Every once in a while, and sometimes its a long while, a writer reads a book voraciously for a few days in sessions that leave him or her breathless. After reading it there’s a feeling of profound loss, that somehow you could have that time again. You sit in your chair thinking about the feelings that masterpiece has evoked in you. This was my experience after finishing John Fowles ‘The Magus’. I also felt it at the end of Ralph Robert Moore’s ‘Father figure.’ While the reader part of my brain reveled in an ecstasy that formed a visceral connection with this time, a connection that will last the rest of my life, the writer part seriously considers placing his favourite pen in a box, never to be seen again, and selling his word-processor on e-bay. Get Father figure now. Log on to your favourite book store and place your order. Or, even better, if you can wait that long, visit your favourite local bookstore, preferably an Indy and order it through them. When it arrives, rip it out of its packaging or take it out of its bag and start reading it straight away.
I’m not going to say ‘it’s a real page-turner’ and besmirch it with such a hackneyed phrase. You probably will have to put it down at some stage because ‘Life happens’. Either you’ll have to go and powder your nose, or eat, or perhaps acknowledge that there’s someone else in the room. But as you wrench yourself out of the world Rob has created, you will feel regret and perhaps a little shame. But you’ll count the minutes until you can sit down again and indulge yourself with such a guilty pleasure.
The only content of the book that I will mention is that the two main characters are called Daryl and Sally. They live in a backwater Alaskan town named Lodgepole. Their hum-drum existence is changed irrevocably when Sam, a charismatic and mysterious man intrudes on their lives.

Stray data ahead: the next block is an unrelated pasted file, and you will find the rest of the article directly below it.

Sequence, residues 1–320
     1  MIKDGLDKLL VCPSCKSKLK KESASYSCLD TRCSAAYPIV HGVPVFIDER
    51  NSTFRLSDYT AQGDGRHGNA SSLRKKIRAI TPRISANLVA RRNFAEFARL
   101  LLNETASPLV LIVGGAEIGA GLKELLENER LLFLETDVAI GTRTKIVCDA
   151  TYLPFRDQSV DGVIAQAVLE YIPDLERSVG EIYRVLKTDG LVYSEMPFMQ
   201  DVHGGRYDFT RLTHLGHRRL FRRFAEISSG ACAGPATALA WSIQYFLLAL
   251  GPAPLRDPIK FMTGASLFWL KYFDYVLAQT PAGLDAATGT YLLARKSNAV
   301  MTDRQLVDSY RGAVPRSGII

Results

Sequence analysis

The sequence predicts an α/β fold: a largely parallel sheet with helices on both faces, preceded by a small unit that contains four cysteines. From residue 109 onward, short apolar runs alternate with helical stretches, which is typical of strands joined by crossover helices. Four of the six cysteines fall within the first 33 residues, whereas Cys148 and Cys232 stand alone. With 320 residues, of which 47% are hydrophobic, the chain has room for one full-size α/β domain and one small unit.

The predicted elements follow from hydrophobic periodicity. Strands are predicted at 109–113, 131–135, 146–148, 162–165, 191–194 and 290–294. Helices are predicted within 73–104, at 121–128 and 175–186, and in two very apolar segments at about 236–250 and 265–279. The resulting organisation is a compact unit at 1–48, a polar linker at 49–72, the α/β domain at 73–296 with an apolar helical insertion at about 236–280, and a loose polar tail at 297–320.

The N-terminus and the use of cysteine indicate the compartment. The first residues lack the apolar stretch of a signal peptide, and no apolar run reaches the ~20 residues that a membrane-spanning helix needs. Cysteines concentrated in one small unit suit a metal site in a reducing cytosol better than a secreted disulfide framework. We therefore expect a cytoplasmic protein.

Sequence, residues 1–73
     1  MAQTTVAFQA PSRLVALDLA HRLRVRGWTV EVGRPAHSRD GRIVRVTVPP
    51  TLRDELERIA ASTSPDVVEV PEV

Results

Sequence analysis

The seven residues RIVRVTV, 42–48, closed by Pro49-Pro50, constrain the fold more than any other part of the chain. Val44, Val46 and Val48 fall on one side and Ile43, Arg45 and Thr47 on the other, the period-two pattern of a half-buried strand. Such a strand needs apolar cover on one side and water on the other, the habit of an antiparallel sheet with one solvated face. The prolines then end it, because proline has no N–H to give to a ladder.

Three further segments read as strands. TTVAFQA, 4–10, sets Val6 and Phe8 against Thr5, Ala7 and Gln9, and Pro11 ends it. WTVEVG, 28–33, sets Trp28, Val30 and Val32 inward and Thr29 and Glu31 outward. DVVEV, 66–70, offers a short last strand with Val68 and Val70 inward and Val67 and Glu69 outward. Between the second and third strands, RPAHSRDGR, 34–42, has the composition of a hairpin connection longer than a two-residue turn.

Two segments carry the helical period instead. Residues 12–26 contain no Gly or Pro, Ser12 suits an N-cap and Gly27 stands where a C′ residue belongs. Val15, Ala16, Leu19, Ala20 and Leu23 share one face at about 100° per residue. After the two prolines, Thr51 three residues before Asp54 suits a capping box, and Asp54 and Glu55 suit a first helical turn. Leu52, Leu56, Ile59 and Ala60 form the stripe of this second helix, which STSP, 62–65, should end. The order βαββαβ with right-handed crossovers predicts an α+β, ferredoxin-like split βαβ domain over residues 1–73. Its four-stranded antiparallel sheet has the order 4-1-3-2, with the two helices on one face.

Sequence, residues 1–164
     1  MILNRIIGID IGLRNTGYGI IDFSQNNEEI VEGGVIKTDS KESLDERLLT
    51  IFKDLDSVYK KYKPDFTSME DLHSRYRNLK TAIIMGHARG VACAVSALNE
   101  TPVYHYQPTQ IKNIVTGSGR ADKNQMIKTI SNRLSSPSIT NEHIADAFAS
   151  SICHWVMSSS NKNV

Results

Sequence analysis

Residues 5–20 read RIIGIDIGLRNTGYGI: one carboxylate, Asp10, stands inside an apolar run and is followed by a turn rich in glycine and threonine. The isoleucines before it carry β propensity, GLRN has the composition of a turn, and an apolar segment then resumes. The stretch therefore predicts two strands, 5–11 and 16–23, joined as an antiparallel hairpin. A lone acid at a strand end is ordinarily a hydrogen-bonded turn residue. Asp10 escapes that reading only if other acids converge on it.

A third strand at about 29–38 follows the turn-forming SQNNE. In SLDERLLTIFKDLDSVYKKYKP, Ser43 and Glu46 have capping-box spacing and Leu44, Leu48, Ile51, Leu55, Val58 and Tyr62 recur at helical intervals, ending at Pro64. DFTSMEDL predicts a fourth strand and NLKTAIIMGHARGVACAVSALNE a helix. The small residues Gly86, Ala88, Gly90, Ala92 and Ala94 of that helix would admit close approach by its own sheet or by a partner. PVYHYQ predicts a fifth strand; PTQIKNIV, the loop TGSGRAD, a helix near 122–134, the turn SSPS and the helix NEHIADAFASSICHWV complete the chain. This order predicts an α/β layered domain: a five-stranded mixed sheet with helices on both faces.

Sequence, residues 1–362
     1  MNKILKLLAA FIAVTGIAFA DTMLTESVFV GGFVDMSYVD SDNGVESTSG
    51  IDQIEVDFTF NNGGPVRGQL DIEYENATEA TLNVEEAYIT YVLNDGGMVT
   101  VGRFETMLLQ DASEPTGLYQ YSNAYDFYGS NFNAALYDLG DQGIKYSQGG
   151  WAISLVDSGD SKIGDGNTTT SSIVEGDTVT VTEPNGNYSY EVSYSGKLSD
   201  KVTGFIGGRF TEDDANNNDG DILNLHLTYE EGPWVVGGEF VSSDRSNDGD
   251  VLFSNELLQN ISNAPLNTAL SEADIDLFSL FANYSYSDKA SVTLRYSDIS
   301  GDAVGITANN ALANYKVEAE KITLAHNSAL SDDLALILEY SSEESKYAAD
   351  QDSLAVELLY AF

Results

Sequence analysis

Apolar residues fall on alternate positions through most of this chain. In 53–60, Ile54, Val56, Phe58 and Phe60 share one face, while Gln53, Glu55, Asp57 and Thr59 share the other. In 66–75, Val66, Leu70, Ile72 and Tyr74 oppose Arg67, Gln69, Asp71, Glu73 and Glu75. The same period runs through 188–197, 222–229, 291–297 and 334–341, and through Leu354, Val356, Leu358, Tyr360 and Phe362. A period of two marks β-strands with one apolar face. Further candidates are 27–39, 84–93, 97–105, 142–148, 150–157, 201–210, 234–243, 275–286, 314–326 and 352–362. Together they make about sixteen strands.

Things change. By the time I’d reached the third part I was reading it in shorter chunks. Why? Because there was a sense of doom descending and I wasn’t sure I wanted to find out what happened to the main characters. Not because I was bored but because I cared for them too much. To see that doom unfold would be too harrowing – and I knew the author wasn’t afraid to pull the punches. How had they allowed themselves to get sucked in to this scenario anyway. Had they lost their minds? I found myself thinking back to earlier points in the story. Where was the tipping point? The time at which I could intervene and shout STOP to them, DON’T you see where this is leading?
Part-way through reading the last section I watched the film, Fight Club, written by another expert of manipulating the emotions, Chuck Palahniuk. It created similar emotions, the same desire to tell the character to resist the urge to continue down their chosen path. To grab them by the lapels and yell in their face Snap out of it! This has gone beyond ‘intriguing’, it’s too much.
I considered stopping reading at this point. Did I really want to pursue things to the end and witness what would probably be a heart crushing denouement? Then I would never know – and that held consequences as well. Maybe the author would take a right turn and allow Sally and Daryl a way out.
This stirring of the psyche can not be achieved by a second rate author
So, yes. Things had changed, but the writing remained vital, churning different emotions, pushing the boundaries and challenging the way you think about what constitutes a good story. I won’t tell you how my reading experience concluded other than to say I read the book to the end. I was affected. To the extent that I caught myself thinking about the characters at odd hours of the day, as if by reading the story I had to bare some responsibility for the fate of the characters. After all, if I hadn’t completed Father Figure the characters would remain safe in their unchanged state, before the finale occurred. By finishing the book I had a part to play in what happened.
Ralph Robert Moore yields great power in his dark pen. Power to ensure that your landscape of perception changes forever. But as a reader you hold power and agency too. So will you choose to read this book? If not, you may remain safe in your comfortable reading shell. But if you like fiction that turns your assumptions and perceptions on their head, go out and buy it.
Obtain your copy of FATHER FIGURE here